WAYNE’S HARD NEWS - How to spot a fake DVD.
By Leslie Willis
Bodybuilding is a small sport, and although you may think DVDs are expensive and you want to save a few pounds or dollars, when you buy a fake you damage the sport and you really do jeopardise future production. Making DVDs costs money that has to be made back, and any profits made, unlike a Hollywood film – are small, as the potential market is actually very small.
DVDs are also a means by which some bodybuilders give back to the sport and their fans. DVDs sales alone never made a bodybuilder rich. When you buy the genuine article you are supporting bodybuilding in general, not ripping it off like a scumbag.
Every mass produced brand new DVD I have bought has come shrink wrapped; not one came in a bag, sleeve or CD case, and not one of the production companies I contacted said they supply a brand new DVD to distributors at wholesale in anything but shrink wrapping.
The Sleeve (Colour Cover)
The sleeve should be printed with high quality ink, no blurring, and no running. The text should be clear and crisp and easy to read. In fact it should look exactly like a Hollywood blockbuster DVD sleeve: perfect in every way. Similarly the paper should be reasonably thin and of good quality, while many fakes are on photo paper which is much thicker. Legit Bodybuilding DVDs are printed professionally using professional grade glossy or semi-gloss paper.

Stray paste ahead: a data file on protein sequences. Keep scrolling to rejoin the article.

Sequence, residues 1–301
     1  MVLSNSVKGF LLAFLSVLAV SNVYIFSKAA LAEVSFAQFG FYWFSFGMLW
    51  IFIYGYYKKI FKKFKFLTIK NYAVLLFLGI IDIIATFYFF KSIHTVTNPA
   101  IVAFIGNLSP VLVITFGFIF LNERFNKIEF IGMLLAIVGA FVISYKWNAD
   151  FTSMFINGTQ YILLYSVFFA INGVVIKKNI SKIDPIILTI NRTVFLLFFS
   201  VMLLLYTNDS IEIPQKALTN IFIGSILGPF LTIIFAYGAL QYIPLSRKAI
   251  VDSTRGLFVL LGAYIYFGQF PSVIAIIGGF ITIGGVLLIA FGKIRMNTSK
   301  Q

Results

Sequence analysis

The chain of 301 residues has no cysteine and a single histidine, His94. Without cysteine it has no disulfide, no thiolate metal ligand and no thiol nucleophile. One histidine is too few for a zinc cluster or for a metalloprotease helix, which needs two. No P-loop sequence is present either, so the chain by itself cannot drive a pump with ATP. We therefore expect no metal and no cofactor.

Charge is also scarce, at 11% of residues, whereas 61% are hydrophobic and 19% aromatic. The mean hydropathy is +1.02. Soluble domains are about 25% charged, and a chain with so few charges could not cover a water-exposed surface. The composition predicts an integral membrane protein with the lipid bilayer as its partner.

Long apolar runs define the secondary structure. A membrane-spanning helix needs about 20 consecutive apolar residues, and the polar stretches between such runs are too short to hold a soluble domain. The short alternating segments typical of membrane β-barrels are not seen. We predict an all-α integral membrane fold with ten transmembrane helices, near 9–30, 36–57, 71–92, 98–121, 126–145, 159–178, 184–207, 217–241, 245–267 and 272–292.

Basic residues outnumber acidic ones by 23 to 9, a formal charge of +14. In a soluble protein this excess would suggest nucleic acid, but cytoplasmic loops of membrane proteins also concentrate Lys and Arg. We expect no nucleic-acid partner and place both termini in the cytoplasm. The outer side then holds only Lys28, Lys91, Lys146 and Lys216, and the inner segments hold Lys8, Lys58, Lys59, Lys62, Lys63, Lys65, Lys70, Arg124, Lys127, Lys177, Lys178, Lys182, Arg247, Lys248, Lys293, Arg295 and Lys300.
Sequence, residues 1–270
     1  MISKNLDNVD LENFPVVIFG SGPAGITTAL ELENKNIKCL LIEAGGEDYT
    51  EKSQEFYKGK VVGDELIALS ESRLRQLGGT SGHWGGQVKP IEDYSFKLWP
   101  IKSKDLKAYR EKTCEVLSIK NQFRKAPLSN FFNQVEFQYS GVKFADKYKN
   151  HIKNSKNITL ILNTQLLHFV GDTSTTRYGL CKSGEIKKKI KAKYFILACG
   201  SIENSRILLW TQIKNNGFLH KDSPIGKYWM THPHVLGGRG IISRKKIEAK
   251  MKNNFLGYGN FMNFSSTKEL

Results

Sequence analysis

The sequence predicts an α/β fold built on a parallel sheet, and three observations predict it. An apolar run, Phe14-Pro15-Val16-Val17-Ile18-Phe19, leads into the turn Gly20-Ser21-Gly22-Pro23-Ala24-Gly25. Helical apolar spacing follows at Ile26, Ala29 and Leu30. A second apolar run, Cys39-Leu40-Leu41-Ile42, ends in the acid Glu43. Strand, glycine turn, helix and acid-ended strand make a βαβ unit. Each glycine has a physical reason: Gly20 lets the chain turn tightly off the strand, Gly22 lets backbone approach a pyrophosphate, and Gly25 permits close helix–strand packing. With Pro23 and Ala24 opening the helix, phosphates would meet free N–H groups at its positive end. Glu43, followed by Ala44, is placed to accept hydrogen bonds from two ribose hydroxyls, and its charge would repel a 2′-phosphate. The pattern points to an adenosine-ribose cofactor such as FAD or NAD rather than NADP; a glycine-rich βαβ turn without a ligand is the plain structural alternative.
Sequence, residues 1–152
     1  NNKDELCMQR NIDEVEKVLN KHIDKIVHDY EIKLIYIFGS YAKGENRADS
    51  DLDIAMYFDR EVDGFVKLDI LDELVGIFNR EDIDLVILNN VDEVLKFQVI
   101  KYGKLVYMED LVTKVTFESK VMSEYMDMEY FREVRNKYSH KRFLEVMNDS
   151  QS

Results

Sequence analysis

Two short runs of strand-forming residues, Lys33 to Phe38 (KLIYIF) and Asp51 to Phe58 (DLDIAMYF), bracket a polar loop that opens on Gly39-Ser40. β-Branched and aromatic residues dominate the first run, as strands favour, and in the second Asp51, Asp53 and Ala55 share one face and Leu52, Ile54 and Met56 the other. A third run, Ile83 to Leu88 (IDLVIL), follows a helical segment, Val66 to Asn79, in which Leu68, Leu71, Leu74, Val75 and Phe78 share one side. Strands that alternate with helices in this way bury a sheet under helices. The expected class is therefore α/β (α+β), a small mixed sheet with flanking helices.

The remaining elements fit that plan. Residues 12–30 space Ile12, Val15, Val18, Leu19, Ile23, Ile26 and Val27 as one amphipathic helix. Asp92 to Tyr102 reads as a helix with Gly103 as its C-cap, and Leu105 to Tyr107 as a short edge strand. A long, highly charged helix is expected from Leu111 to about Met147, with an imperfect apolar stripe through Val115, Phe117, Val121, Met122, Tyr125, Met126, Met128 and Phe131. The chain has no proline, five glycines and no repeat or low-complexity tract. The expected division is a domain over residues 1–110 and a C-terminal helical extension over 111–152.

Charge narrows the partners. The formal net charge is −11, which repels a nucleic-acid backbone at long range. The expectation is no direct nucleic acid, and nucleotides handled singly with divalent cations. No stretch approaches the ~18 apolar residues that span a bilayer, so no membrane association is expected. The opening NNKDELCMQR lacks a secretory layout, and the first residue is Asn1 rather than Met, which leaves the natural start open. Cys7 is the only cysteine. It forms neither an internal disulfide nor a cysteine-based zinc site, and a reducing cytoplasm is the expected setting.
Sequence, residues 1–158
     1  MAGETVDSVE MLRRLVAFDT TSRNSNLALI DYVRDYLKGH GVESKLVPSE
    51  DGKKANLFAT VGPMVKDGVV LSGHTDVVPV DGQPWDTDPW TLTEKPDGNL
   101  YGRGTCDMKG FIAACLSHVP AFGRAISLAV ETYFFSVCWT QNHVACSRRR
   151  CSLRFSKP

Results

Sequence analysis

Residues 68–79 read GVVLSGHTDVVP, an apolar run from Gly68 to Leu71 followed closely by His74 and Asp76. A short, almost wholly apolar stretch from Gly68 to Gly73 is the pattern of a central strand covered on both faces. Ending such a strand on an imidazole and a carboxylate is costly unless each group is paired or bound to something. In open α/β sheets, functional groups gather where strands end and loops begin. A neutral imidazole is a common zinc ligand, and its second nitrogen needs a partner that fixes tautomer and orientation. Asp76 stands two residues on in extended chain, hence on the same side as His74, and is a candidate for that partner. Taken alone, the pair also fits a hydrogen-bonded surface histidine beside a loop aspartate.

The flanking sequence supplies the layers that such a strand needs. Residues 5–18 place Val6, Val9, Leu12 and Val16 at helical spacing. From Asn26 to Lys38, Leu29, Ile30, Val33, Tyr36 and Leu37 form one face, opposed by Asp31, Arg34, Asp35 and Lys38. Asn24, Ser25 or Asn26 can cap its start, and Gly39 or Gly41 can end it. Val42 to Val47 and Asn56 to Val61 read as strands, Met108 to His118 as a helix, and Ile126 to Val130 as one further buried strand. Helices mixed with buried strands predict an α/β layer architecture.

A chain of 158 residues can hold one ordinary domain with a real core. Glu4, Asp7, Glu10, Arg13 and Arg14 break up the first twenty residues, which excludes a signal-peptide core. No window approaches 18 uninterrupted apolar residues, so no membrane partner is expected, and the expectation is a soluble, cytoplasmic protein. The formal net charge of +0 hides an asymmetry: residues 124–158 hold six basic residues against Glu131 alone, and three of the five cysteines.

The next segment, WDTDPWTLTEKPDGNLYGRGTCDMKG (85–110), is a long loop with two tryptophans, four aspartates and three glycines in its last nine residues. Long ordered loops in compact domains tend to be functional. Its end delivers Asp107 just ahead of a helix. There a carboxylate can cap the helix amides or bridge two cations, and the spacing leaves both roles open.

Genuine MOC Jay Cutler DVD on the left – Fake on the right. The lower standard of print on the fake is clearly visible, especially the over saturation of the skin tones. Also notice the strong colour of the MOC Video gold logo – a common pirate mistake.
I really cannot stress how important these two things are in spotting a fake DVD. Bodybuilding is a small sport, with some DVDs having very small productions runs, however, every company contacted said their brand new DVDs come with a quality colour cover professionally printed, and a crisp face label printed on the DVD disc. Most IFBB show DVDs come packaged this way too, only smaller shows where the production number is a hundred or less may not be like this. Do not be fobbed off, when you are buying professional products, they should always be presented in a totally professional way.
The Plastic Case
Look at the brand of the case, if it says “Maray” just below the disc holder I would immediately contact the producer of the DVD to check. I checked 34 of my own DVDs and not one was marked in the same way as the fake DVDs. Also, latest DVDs such as GMV's “Jay Cutler – The Ultimate Beef”, and the latest Mr. Olympia DVDs do not come in standard thickness cases. They are in the new slim-line cases. If in doubt check with the original producer/supplier.
The DVD Disc
Just like the sleeve, printing should be clean and crisp, not blurry or muted, and again professionally printed DVDs are never tacky to the touch. Your finger should slide easily across the printed side, if it does not, then it is almost certainly not legit.
The difference between the fake disc on the left and the real disc on the right is even more apparent, with the blurred poor quality print clearly visible – and often the print on the fake disc is also too thick and slightly tacky.